Danish activists initiated the bill in their country and introduced it in Iceland, where it was endorsed by hundreds of Icelandic physicians who argued that the risks of nonmedical male circumcision outweigh its benefits.
Iceland, with a population of 330,000, is home to, as estimated, no more then several dozen Jews with no synagogue, no rabbi and no organized institutions. This, however, will change in May, when Avi Feldman, a 27-year-old Chabad rabbi from New York, will relocate with his family to Reykjavik and open the country’s first Chabad House. Feldman visited the island during Hanukkah and says he found a community eager for more Jewish involvement.
“That led to our decision to rededicate our lives to the Jewish community of Iceland,” he told the Forward. Feldman knows he’ll be moving to the peaceful country in the midst of the most consequential circumcision debate Europe has seen. “This is a matter of concern,” he said. “We’re looking forward to bringing the knowledge of the importance of brit milah to the Icelandic people and lawmakers.”
Nordic Jewish leaders joined forces recently to issue an open letter pleading with Icelandic lawmakers to reject the proposed bill.
“Throughout history, more than one oppressive regime has tried to suppress our people and eradicate Judaism by prohibiting our religious practices,” heads of the Jewish communities in four Scandinavian countries wrote in their letter. The leaders, from Sweden, Norway, Finland and Denmark, warned that the ban “will be an effective deterrent and will guarantee that no Jewish community will be established.”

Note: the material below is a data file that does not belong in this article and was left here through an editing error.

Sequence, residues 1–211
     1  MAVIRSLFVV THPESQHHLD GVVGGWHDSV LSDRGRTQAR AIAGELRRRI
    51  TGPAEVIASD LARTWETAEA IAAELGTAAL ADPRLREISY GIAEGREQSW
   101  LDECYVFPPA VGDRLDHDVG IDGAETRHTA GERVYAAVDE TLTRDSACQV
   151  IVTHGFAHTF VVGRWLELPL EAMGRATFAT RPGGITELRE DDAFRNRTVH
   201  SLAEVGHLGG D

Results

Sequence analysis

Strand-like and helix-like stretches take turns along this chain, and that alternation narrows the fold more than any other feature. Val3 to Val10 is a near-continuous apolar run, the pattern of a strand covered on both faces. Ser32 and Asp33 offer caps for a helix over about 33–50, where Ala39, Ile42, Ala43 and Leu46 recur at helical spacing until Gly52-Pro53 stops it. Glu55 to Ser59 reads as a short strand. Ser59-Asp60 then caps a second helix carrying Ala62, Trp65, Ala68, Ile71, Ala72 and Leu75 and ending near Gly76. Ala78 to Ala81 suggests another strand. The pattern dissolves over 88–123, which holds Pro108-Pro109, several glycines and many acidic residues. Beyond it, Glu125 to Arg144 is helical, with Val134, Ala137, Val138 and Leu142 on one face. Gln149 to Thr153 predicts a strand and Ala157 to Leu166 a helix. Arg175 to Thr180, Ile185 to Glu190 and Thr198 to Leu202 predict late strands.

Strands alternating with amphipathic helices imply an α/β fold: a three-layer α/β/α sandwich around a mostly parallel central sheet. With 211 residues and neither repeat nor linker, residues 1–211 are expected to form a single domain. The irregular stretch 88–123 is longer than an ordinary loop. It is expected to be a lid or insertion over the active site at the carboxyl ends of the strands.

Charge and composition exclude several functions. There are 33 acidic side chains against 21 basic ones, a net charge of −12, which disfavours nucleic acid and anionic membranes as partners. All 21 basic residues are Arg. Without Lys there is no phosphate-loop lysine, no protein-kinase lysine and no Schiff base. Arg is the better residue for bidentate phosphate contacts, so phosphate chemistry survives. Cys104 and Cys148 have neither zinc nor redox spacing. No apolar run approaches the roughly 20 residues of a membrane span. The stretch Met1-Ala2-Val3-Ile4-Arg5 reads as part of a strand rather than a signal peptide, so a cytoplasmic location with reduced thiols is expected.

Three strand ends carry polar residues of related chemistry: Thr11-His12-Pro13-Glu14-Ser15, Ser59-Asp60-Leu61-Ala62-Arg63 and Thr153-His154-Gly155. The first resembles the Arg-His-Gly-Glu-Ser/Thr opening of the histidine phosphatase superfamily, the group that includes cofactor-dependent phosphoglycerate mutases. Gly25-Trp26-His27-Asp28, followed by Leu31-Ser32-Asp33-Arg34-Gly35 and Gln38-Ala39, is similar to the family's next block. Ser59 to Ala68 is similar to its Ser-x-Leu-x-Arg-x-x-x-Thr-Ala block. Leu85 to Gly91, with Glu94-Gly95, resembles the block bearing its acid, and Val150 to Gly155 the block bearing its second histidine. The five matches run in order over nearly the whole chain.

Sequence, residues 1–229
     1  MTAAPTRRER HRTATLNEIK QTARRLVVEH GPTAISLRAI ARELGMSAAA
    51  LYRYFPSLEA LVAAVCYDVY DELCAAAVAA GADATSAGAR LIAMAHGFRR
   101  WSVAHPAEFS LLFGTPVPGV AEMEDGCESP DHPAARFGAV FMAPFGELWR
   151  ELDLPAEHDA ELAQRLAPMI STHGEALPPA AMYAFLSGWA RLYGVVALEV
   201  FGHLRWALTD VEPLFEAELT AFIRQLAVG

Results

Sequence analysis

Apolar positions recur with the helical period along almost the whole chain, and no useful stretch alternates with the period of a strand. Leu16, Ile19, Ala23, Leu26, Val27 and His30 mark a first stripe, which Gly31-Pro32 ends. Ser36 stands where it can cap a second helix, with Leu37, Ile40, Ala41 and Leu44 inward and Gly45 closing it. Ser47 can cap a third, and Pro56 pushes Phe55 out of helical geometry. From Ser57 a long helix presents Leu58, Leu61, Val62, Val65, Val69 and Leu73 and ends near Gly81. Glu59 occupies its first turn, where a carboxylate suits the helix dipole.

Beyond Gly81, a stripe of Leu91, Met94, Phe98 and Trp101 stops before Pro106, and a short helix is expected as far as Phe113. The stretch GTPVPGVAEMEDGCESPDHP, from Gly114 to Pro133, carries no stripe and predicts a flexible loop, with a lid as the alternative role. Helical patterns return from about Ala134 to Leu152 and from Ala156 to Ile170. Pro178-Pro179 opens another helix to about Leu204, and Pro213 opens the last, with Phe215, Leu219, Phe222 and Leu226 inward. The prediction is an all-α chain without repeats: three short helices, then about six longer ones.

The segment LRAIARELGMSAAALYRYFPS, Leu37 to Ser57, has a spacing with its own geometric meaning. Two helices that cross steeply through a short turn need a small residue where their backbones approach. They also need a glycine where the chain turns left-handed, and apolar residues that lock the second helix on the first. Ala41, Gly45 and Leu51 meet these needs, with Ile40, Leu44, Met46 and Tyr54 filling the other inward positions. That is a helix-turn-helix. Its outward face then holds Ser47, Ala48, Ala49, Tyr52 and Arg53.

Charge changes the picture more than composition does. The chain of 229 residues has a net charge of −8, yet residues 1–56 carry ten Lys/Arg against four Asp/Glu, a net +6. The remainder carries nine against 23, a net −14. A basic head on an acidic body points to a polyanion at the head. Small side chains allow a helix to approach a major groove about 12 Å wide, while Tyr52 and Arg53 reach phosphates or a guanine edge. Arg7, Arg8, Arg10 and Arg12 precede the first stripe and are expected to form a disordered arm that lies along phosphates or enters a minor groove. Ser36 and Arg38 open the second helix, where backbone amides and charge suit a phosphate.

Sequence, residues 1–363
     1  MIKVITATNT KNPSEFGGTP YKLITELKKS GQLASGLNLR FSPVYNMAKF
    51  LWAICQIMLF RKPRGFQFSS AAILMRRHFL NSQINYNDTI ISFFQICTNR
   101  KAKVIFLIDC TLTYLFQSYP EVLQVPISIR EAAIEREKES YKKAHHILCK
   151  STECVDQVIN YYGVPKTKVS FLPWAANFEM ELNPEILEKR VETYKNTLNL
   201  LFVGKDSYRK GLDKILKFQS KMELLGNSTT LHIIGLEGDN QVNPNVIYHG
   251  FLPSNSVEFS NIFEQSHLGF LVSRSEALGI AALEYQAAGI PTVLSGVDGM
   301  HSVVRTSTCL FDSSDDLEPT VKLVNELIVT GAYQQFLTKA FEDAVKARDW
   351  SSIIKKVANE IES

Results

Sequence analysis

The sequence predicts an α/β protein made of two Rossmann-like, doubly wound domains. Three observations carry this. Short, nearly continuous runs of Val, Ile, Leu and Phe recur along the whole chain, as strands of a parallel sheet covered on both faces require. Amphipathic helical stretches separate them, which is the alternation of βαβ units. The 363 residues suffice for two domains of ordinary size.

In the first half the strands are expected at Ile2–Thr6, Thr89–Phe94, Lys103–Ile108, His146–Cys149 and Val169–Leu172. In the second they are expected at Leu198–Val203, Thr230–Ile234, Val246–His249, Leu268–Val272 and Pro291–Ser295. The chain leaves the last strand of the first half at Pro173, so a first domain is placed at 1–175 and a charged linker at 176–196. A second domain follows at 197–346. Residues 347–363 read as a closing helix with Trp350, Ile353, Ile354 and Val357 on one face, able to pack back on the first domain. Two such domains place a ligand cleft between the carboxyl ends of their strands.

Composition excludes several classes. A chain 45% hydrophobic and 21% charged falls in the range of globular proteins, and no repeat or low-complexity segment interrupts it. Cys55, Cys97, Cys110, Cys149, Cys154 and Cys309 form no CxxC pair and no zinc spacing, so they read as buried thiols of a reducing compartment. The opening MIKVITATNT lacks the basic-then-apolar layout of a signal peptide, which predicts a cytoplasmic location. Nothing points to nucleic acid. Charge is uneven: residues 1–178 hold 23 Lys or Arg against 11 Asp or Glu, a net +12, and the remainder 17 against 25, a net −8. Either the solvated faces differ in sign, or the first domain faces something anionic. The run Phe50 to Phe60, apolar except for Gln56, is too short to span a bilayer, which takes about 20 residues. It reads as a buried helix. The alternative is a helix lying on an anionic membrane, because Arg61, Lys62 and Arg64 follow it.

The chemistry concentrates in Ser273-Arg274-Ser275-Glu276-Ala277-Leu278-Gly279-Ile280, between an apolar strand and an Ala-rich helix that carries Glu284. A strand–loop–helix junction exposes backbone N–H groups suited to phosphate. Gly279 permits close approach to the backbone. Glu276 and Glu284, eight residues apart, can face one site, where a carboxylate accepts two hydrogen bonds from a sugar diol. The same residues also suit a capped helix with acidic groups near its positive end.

It is, after all, not ideal to schlep an 8-day-old baby thousands of miles south for a surgical procedure.
Denmark may be next in line to take similar action. A petition demanding that male circumcision on those under 18 years of age be outlawed is gaining force, and if it reaches 50,000 signatures, the parliament will be forced to vote on the proposal. Denmark, as opposed to Iceland, has a more sizable Jewish population estimated at more than 6,000 members. The measure would also affect tens of thousands of Muslims.
“It’s very hard to win this public debate,” Melchior said. “When one side shows pictures of innocent babies and the other side needs to explain why circumcision should be allowed, the other side loses.” That is why the local community is focusing on lobbying lawmakers who may be more attentive to arguments refuting the claims about medical risks and babies’ suffering.
While the battle over circumcision is reaching its peak, the struggle to allow traditional Jewish slaughter in many of these countries has already been lost.